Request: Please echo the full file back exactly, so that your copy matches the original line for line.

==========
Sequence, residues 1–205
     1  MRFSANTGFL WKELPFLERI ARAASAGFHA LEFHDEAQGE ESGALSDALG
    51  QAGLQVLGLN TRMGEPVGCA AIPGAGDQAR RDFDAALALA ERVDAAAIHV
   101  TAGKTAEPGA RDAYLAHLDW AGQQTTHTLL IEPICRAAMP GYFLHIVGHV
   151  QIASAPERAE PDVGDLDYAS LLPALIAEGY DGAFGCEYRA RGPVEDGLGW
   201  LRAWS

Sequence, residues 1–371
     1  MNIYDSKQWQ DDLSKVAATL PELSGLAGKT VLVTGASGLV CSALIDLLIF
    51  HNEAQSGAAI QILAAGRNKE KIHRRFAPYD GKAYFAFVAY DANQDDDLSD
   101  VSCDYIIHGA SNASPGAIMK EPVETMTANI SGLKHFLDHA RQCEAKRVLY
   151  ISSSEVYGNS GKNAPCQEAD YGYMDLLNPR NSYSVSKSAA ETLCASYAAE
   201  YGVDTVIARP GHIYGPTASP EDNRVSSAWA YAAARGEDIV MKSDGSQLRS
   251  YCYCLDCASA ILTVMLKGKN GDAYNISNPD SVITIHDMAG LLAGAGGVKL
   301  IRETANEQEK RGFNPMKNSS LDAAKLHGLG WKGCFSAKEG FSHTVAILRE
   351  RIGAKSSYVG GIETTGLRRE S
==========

Sequence, residues 1–205
     1  MRFSANTGFL WKELPFLERI ARAASAGFHA LEFHDEAQGE ESGALSDALG
    51  QAGLQVLGLN TRMGEPVGCA AIPGAGDQAR RDFDAALALA ERVDAAAIHV
   101  TAGKTAEPGA RDAYLAHLDW AGQQTTHTLL IEPICRAAMP GYFLHIVGHV
   151  QIASAPERAE PDVGDLDYAS LLPALIAEGY DGAFGCEYRA RGPVEDGLGW
   201  LRAWS

Sequence, residues 1–371
     1  MNIYDSKQWQ DDLSKVAATL PELSGLAGKT VLVTGASGLV CSALIDLLIF
    51  HNEAQSGAAI QILAAGRNKE KIHRRFAPYD GKAYFAFVAY DANQDDDLSD
   101  VSCDYIIHGA SNASPGAIMK EPVETMTANI SGLKHFLDHA RQCEAKRVLY
   151  ISSSEVYGNS GKNAPCQEAD YGYMDLLNPR NSYSVSKSAA ETLCASYAAE
   201  YGVDTVIARP GHIYGPTASP EDNRVSSAWA YAAARGEDIV MKSDGSQLRS
   251  YCYCLDCASA ILTVMLKGKN GDAYNISNPD SVITIHDMAG LLAGAGGVKL
   301  IRETANEQEK RGFNPMKNSS LDAAKLHGLG WKGCFSAKEG FSHTVAILRE
   351  RIGAKSSYVG GIETTGLRRE S